With the above configuration, the service worker is configured to suit our needs. We still need one more piece to this puzzle though: something will need to pre-fetch the data beforehand, so that it is available once the app is offline.
We can build a CachePrimer service to do that.

@Injectable({providedIn: 'root'})
export class CachePrimerService {
  constructor(
    private readonly dataService1: DataService1,
    private readonly dataService2: DataService2
  ) {}

  primeCache(): void {
    this.dataService1.getData().subscribe();
    this.dataService2.getData().subscribe();
  }
}

This service has references to all data services that make the API calls to retrieve the data that needs to be cached. When calling primeCache() on this service, it will in turn call the data services to retrieve the data. In the background, the service worker will do the rest. It caches the data and makes it available for use offline.

The only thing left to do is to find a logical place for the call to primeCache(). This could be tied to a UI element, it you want the user to do this as a conscious action, or you could simply call it in the background when loading the app or loading a certain screen. It’s up to you to find the best use of this for your particular application.

Saving data

The second piece of the offline puzzle is to be able to save data. Of course, when you are offline, you cannot save the data back to the server. The basic solution, then, is to create a local ‘queue’ of some sort, which will contain all items that need to be saved. As soon as the app is back online, you process the queue and post each item to the server.

There’s a bit of a catch, however. Remember back in the first part of this series how there might be a bad network connection, but a connection nonetheless? It’s possible that the app is online, but the network connection is just very slow. In that case, we probably still want to try and save our data to the server, but we need to deal with the possibility of timeouts or failed connection attempts.

In short: there’s three scenarios that our app should be able to handle:

  1. Online with a good network connection
    Saving data can work properly using regular POST/PUT requests.
  2. Offline
    The call to save the data needs to be queued, to be processed later.
  3. Online with a bad connection
    In this case, the app thinks that it is online. So, it will try and POST/PUT the data as usual. However, this might cause time-outs, so we need to be able to retry the operation, or simply give up and queue the message.

To implement such a strategy, we need a few ingredients:

  • A SyncTask. This class wraps our network requests. These are the objects that will be put on the queue when the app is offline.
  • A SyncService. This service will contain our queue and handle the logic for sending, re-trying, and queuing outgoing requests.

SyncTask objects represent our API calls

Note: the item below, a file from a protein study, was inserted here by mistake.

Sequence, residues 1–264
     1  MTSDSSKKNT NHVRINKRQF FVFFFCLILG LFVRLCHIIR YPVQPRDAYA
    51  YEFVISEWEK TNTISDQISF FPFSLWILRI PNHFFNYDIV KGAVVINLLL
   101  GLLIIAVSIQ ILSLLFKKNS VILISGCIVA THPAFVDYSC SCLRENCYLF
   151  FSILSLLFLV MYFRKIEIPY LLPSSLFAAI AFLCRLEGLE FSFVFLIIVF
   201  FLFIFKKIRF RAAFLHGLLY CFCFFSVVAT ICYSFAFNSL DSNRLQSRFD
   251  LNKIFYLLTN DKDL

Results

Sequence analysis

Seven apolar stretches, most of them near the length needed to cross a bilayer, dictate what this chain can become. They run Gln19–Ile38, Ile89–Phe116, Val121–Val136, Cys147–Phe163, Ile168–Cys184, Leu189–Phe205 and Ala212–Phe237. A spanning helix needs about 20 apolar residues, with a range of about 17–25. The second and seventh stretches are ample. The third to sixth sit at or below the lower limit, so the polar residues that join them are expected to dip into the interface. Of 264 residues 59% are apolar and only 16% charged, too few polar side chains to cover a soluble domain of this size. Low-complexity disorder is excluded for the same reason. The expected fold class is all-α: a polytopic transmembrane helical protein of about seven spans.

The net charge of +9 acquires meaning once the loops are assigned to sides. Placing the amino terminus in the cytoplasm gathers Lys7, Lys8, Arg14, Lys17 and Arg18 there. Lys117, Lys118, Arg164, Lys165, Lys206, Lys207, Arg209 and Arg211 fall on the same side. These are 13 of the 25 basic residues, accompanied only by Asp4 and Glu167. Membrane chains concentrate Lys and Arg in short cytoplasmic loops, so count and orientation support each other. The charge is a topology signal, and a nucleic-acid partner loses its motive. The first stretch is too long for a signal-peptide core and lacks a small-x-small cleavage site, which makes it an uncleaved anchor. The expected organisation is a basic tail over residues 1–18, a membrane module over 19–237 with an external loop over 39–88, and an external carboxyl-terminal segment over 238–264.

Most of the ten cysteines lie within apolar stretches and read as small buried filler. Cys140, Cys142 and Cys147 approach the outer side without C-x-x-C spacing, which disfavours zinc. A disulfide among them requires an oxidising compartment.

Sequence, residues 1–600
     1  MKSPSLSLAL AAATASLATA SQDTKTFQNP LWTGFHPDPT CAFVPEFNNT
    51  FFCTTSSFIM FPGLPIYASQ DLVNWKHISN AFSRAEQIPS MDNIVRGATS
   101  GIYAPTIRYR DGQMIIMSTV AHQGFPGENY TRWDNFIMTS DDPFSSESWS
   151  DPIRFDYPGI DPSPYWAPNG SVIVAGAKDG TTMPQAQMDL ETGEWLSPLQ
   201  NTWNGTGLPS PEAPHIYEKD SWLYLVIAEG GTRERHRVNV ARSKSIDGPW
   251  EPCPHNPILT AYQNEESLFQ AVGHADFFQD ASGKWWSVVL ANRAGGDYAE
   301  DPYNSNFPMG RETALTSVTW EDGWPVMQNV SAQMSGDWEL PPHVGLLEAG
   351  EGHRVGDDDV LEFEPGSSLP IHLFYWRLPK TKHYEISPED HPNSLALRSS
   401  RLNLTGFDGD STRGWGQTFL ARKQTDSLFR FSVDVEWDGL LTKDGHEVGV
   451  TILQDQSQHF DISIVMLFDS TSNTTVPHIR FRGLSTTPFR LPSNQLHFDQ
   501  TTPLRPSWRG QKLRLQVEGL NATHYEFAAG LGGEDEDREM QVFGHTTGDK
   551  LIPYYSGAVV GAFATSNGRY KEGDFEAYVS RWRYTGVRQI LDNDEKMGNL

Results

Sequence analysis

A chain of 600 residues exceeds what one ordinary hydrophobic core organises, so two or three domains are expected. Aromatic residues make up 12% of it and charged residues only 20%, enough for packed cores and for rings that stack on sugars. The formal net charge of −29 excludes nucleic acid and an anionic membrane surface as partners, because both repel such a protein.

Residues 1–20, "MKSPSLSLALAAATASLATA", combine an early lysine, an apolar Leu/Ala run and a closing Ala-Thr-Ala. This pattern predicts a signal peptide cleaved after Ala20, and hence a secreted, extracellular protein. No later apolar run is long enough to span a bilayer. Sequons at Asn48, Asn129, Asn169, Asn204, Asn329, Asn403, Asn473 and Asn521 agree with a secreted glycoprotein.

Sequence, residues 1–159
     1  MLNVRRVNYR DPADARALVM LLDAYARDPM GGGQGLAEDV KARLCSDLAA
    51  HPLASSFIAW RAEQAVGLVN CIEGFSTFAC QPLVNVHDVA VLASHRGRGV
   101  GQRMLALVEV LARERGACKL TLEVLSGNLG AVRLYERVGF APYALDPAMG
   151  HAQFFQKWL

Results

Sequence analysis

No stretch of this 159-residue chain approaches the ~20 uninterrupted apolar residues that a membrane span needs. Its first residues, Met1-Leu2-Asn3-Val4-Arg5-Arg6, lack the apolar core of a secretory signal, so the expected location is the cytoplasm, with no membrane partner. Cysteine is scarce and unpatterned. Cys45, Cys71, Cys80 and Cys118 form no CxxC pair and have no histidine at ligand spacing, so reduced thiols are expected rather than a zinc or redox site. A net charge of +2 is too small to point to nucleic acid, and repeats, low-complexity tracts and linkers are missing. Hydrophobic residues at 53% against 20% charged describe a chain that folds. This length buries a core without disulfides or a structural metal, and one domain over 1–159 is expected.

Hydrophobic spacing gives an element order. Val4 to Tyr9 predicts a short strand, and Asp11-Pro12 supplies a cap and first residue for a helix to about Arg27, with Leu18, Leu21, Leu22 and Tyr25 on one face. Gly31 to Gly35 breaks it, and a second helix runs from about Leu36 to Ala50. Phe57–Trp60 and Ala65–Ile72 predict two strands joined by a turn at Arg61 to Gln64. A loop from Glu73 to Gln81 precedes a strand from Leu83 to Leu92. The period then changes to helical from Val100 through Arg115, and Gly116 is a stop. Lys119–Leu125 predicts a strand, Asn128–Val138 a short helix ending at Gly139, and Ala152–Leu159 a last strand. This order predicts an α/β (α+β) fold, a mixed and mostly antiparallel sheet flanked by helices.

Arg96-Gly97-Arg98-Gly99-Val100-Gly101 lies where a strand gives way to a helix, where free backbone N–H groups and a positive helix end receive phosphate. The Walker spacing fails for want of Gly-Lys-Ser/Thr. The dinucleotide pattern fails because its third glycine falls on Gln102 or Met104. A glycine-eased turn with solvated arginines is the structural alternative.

Let’s start with the SyncTask. It’s implementation looks like this:

export class SyncTask<T extends Payload> {
  constructor(
    public url: string,
    public body: T,
    public params?: string) { }
}

Basically, this object wraps the payload that we want to send (in this case, our payload implements the Payload interface). For convenience, we also store the URL and any required HTTP parameters. You can customize this class to fit your requirements. You might want to add a field that stores the HTTP method (POST, PUT, etc.) as well.

A SyncService handles our API calls

The SyncService will contain several elements. First, the SyncService will be our app’s go-to service for sending requests. So, we need some function that will POST data to the API.

@Injectable({ providedIn: 'root' })
export class SyncService {
  constructor(private http: HttpClient) { }

  tryPostPayload<T extends Payload>(url: string, payload: T, params: HttpParams): Observable<T> {
    return this.http.post<T>(url, payload, { params });
  }
}

Retry API calls when the connection is bad

Right now, all this function does is simply try and POST the data as usual and return the resulting Observable. This satisfies our ‘online’ scenario, but will of course fail when offline, or when there is a bad connection. The first thing we can add here, is a retry mechanism. For this example, let’s say we want to have a response from the API within 5 seconds. If the response takes longer than 5 seconds, we considered it a failed request, and try it again 2 more times. We can implement this using the timeout and retry functions from rxjs:

const HTTP_TIMEOUT_IN_MS = 5000;

// ..

tryPostPayload<T extends Payload>(url: string, payload: T, params: HttpParams): Observable<T> {
  return this.http
    .post<T>(url, payload, { params })
    .pipe(
      timeout(HTTP_TIMEOUT_IN_MS),
      retry(2),
      catchError((err: HttpErrorResponse) => this.handleError(err)),
      share()
    );
}

private handleError(err: HttpErrorResponse): Observable<any> {
  // TODO...
}

This is a good start, but we need some additional logic in our error handler to distinguish between different types of errors. First, let’s make sure that we only catch and handle the error when it is a network-related error. We don’t want to catch and handle other server errors here, e.g. authentication errors or other client errors (HTTP 4XX) or server errors (HTTP 5XX). We can do that with this code: